I asked Rick what was the most fun car he owned, and his response was the MINI Cooper. He raced it, met a bunch of people and went all kinds of places. The MINI community really is a force to be reckoned with. However, he followed with it’s not the most powerful or the most exhilarating, but definitely the most fun he’s had. The most powerful car he’s owned is his truck.

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I then asked what was the worst car he owned, and his response was his Subaru. They are fun, but the particular one he owned was nothing special.

He’s done a lot of car projects over the years, and the one that he has( and is) enjoying the most is his 1930 Ford. He just bought the body of that car and has been building it from the ground up. A “tin can.” He took the engine, transmission, tires and rims, brake system, and electronics from the Chrysler 300 (shown above) that he crashed and dropped the shell of the Ford right over it all. The challenges with this project now is just finding the time to work on it and the man power to help.

Rick has a full time job, along with the building of other people’s car that he does, and all the welding work that he does on the side.Welding art has always been something that he’s done, but he never really sold it. After his accident, he messed around with it and was posting stuff on Facebook. People were always asking how much his pieces were and they eventually grew in to people asking for custom orders. Before the Christmas of 2018, he had about 20 orders stacked up. It’s worked out though, and he has continued to create things. Here”s a few things that he has created.

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I asked him where he gets all the stuff for his creations and he said he’s been collecting stuff for 20 years. People drop off things here and there, but mostly it’s been collecting. Rick keeps himself busy, although sometimes he wants a break. Money is money, and you can’t say no to thousands of dollars. Plus, its still a lot of fun.

In the future, Rick would like to host an event at his place, which really would be attainable. He wants to be able to never leave his house and make money, which in a way, he’s already half way there. He’s living the dream.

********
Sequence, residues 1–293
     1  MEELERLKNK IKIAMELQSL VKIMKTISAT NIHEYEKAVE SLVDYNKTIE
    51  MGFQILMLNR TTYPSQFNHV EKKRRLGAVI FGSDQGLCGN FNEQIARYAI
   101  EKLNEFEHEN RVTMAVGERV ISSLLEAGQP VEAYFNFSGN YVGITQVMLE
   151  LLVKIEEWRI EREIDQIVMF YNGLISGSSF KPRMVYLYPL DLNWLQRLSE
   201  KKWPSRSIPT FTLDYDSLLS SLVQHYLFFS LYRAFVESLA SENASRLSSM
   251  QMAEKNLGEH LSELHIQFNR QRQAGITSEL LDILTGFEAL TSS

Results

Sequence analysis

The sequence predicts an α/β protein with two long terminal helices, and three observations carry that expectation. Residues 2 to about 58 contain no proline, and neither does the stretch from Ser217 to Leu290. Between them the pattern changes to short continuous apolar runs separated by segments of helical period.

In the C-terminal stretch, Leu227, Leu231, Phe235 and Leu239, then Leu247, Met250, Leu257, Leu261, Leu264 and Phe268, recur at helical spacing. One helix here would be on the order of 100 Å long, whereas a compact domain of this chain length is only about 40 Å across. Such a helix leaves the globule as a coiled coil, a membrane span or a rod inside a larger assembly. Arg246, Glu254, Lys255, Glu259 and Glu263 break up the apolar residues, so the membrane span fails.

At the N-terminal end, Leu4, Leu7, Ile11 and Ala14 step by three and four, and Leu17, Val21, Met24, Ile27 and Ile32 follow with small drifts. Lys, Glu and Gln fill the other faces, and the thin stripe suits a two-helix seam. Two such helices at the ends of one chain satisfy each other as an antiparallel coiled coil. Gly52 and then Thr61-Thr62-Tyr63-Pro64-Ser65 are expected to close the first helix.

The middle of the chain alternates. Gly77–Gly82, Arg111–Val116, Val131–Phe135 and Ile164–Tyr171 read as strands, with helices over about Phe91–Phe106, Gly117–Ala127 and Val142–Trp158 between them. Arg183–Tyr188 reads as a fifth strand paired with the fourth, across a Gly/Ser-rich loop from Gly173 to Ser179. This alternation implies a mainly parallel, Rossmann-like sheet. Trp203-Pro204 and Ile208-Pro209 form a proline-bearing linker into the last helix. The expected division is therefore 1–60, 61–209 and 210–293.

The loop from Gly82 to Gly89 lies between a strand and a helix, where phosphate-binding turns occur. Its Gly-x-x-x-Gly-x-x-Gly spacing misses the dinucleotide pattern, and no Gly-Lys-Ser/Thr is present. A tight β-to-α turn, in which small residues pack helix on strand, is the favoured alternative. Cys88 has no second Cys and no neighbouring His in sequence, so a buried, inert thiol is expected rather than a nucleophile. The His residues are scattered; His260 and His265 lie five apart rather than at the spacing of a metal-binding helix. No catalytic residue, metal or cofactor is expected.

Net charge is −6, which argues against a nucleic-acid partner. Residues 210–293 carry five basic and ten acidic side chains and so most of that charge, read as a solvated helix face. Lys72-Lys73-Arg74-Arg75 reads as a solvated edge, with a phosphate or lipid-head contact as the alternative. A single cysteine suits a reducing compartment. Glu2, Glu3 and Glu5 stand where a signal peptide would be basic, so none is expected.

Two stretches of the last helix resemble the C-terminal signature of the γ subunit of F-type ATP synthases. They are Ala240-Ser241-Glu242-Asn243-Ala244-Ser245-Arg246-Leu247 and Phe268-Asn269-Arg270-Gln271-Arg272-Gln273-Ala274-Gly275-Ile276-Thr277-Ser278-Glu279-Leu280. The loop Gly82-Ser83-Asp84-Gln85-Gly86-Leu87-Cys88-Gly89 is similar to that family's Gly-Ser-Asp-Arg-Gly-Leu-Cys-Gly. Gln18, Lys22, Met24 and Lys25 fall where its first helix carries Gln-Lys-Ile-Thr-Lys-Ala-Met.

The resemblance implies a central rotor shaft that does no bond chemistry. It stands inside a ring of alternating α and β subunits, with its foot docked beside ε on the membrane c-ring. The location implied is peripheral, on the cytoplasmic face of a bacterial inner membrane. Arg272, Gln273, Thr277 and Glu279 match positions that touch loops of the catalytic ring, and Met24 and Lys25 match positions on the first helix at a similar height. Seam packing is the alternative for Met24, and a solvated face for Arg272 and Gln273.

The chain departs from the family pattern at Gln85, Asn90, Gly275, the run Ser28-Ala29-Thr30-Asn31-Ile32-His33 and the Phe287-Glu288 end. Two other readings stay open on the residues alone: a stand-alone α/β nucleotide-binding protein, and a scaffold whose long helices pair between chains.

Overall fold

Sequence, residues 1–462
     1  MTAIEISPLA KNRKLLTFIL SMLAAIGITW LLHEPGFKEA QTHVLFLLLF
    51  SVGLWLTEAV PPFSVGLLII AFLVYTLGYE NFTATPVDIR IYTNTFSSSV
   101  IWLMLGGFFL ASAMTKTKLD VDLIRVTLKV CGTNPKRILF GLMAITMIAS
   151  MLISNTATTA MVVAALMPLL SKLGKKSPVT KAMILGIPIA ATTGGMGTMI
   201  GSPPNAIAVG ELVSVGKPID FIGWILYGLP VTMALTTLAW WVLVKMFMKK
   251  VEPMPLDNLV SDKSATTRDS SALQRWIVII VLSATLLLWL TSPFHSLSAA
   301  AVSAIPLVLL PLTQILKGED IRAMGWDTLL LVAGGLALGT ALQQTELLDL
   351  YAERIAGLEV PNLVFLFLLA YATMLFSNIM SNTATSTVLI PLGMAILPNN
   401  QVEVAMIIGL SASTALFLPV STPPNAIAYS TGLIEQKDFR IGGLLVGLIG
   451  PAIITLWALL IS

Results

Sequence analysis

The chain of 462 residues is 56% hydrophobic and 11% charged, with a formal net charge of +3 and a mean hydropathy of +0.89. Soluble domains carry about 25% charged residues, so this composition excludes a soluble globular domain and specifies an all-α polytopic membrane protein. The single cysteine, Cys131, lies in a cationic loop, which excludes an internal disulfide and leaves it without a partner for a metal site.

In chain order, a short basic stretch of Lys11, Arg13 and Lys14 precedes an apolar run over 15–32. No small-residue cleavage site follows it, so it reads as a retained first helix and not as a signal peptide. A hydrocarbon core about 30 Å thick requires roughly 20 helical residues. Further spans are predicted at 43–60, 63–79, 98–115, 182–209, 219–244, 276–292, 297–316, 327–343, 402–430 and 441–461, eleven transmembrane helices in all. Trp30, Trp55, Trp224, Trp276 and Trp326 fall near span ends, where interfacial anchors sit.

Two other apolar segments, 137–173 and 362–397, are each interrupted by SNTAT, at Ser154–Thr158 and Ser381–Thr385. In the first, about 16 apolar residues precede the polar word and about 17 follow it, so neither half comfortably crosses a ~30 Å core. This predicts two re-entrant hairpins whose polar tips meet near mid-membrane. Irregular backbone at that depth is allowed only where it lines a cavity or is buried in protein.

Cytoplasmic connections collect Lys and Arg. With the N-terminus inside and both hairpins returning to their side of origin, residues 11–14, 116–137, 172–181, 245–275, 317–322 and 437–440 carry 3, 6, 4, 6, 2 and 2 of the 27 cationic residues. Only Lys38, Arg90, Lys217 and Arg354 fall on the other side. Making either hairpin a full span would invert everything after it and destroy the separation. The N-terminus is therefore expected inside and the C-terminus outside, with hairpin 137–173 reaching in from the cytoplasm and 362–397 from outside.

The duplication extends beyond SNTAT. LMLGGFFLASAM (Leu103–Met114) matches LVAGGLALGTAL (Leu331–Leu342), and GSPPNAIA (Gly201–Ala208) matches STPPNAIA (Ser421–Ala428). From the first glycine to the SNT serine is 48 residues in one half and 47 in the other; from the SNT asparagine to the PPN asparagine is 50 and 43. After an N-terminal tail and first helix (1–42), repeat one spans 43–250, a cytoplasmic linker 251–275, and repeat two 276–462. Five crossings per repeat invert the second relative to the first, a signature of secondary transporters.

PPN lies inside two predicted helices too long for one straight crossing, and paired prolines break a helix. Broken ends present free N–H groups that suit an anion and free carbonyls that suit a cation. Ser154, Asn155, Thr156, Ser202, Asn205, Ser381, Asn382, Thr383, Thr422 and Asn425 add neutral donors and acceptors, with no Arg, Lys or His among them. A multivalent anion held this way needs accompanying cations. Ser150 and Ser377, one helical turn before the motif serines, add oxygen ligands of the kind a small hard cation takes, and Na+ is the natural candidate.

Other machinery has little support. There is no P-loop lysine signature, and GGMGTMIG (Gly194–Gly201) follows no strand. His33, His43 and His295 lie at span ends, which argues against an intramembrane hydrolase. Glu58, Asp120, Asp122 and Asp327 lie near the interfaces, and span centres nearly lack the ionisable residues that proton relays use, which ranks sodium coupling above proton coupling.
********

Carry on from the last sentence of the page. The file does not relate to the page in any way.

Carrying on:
So follow him on Instagram, @horsepower_n_goats and on Facebook, Horsepower Farm. And he also loves Tool, which was playing in the background of our interview.

Thanks Rick!

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Car Shows, Driving, General Posts, Roadkill

Flip Flops and Big Blocks

It’s been a while blog world. I have had a busy summer filled with car shows, events, new friends, new jobs just life in general. Since I was last here, I have continued to conquer autocross and Louisa won a few car shows. But perhaps the biggest adventure of all was a trip to Pontiac, Michigan this past weekend.

Some of you may have heard of Woodward Ave, some may not. I was one of the people who had not. For those who don’t know, Woodward Avenue is the heart of Pontiac Michigan. It is said that this was where the first ticket for street racing. This happened in March of 1895. The road first saw big spoked wheels and wagons. But in the 50s cars changed into something more reliable and became something we used to get from point A to point B. This 13 mile stretch naturally attracted a lot of people. Drive in diners started to pop up all along the road. Unlike today, a lot of these places were family owned. Coupled with the long wide stretch of road and automotive lovers in the surrounding area, it has taken its place in car history.

When spending some time with my boyfriend at the shop where he works he mentioned the event ‘Roadkill Nights’ that was happening the coming weekend (August 9th and 10th) in Pontiac, Michigan. He said he wanted to road trip out there. Famous last words of mine, I said, ‘let’s do it’. The following week consisted of getting his Caprice road ready and a little more safe for us to travel in. We looked at the route, 11 hours, 685 miles, not too bad! Then we realized that was going through Canada which we couldn’t do. So instead it was 13 hours and 764 miles. Meh, still not bad.

Monday August 5th

I was sitting at work dying for it to be the weekend so we could head out. We decided it would be best to leave Thursday night in the early morning so we could get there Friday evening and have a little time to explore.

Thursday August 8th, 12:45AM

My alarm went off after only getting 3 hours of sleep. I was still pumped though and ready to go. We packed up really quick, loaded the car and were ready to go. I was in charge of the route. It was dark, quiet. It was 1AM. No one was around. We headed out towards Keene and hit a long stretch of road in Vermont, Route 9 (more to come on this road later). We stopped at some rest stops along the way, I slept through a lot of the morning driving. We stopped for breakfast in Weedsport, New York at a place called Cook’s Village Diner. Small, a lot of locals.